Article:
This Scottish charity helps children who’ve lost a younger sibling

Published on 10.06.21

Content: this is a story about the work of a charity that supports families who have lost a baby or young child suddenly and unexpectedly. We refer to some of the events and feelings that parents and siblings may go through. Please take care, don’t feel like you need to read this one if it might be upsetting, and if you are looking for support – there are links on our Get Help page for someone to talk to.

Scottish Cot Death Trust received a Tiny Changes grant in 2020.

SCDT was founded in 1985 and is the only charity in Scotland dedicated to the sudden unexpected death of babies and young children. Based in Glasgow, this small team of dedicated staff and volunteers and their services can be accessed anywhere in Scotland. Their work focuses on finding the answers through funding research, providing support for bereaved families, and educating the public and professionals about sudden unexpected death in infants (SUDI).

To lose a child can only be one of the saddest and most traumatic things that can happen to a family.  To lose a child, a brother or a sister, suddenly and without warning, brings with it a heightened sense of loss and confusion.

Losing a younger sibling is frightening and sometimes very lonely.

When a baby or young child has died suddenly, it’s likely that children would have seen their parents try to save their sibling and seen many paramedics or police officers in their home. Individualised support for every young person who goes through a traumatic experience like this is crucial to their recovery and moving forward. When there are no answers for why a baby died, going to sleep can feel scary and children may worry about themselves and other family members dying.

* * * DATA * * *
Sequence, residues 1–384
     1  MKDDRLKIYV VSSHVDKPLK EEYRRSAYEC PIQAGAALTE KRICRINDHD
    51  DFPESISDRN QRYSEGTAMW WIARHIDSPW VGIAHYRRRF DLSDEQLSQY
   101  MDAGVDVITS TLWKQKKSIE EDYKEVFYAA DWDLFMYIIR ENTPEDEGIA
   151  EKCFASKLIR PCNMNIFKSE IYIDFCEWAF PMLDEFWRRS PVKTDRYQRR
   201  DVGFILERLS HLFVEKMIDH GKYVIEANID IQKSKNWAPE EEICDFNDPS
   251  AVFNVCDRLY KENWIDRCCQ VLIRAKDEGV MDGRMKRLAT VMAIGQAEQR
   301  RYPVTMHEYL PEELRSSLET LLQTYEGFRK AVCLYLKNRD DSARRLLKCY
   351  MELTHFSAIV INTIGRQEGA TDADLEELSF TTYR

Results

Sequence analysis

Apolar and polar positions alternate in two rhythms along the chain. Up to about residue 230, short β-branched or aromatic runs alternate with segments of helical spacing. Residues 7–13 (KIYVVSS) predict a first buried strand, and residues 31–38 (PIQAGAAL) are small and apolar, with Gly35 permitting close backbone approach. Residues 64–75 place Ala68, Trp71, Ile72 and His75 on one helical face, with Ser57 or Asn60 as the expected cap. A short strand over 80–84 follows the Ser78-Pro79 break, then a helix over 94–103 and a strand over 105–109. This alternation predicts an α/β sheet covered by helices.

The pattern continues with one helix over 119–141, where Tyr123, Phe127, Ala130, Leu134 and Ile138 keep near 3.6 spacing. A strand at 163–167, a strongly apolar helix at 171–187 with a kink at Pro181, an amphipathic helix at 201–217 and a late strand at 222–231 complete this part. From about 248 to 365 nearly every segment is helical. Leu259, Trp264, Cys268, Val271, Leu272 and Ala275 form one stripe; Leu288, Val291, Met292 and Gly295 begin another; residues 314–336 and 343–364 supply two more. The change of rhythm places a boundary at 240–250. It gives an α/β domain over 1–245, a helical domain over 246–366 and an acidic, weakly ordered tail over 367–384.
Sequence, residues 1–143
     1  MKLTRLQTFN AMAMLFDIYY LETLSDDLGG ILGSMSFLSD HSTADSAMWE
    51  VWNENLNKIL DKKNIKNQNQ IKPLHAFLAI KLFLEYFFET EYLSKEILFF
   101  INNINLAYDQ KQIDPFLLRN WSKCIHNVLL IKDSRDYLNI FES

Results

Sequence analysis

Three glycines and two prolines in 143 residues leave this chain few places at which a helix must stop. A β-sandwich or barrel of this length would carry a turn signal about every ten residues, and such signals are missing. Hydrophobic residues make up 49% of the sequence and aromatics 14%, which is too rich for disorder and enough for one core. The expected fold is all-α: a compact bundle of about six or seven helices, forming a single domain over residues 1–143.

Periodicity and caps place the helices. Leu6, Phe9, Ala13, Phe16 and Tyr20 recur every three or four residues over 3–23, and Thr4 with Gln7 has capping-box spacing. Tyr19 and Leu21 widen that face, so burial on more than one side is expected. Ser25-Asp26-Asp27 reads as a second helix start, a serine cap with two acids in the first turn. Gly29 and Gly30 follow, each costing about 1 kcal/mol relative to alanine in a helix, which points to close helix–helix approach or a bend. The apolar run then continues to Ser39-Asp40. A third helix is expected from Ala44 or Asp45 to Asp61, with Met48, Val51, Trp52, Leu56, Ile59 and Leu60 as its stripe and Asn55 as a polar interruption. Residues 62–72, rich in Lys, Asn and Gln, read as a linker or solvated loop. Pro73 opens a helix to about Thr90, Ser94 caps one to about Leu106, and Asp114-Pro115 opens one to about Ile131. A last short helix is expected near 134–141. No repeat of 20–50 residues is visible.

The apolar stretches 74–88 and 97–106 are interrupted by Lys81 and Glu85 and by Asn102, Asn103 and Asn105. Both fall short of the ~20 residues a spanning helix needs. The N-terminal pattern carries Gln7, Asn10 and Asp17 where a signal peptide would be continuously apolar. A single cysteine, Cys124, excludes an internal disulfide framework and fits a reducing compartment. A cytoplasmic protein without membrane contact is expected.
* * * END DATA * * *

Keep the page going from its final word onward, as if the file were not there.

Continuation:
It’s hard to express how important this charity is to those children and young people, and their future.

Professional help, speaking to a support worker, and resources to help explain why things are different in the family not only help children, but grieving parents too.  Bereavement books and activities can provide a positive outlet for emotions and enable adults to ‘check in’ with children without asking them directly how they are – because this can shut down conversations.

“A big thank you to Tiny Changes for helping us keep young people connected with the support they need.”

Scottish Cot Death Trust

The team went digital that no child missing a sibling was left alone during the pandemic.

Bereaved families across Scotland benefited from this funding as they were able to keep in regular contact with their support worker and access additional resources at home.

Online and telephone contact with a dedicated support worker was put in place for all families, and counselling is being delivered online or by telephone.  SCDT also organised an virtual family support day with fun activities and time set aside for the children to remember their brothers and sisters.

Online support proved to be so popular and easier for some families that the SCDT plans to continue it, alongside face-to-face counselling.


What's next

We’re inspired by the work of this Scottish charity, and hope you feel inspired too. Together, we’d like to raise more money and awareness to fund essential youth mental health services like this. To find out more about SCDT and the work that they do, visit their website.

To help young minds feel better and fund more projects like this one click here to donate to Tiny Changes.

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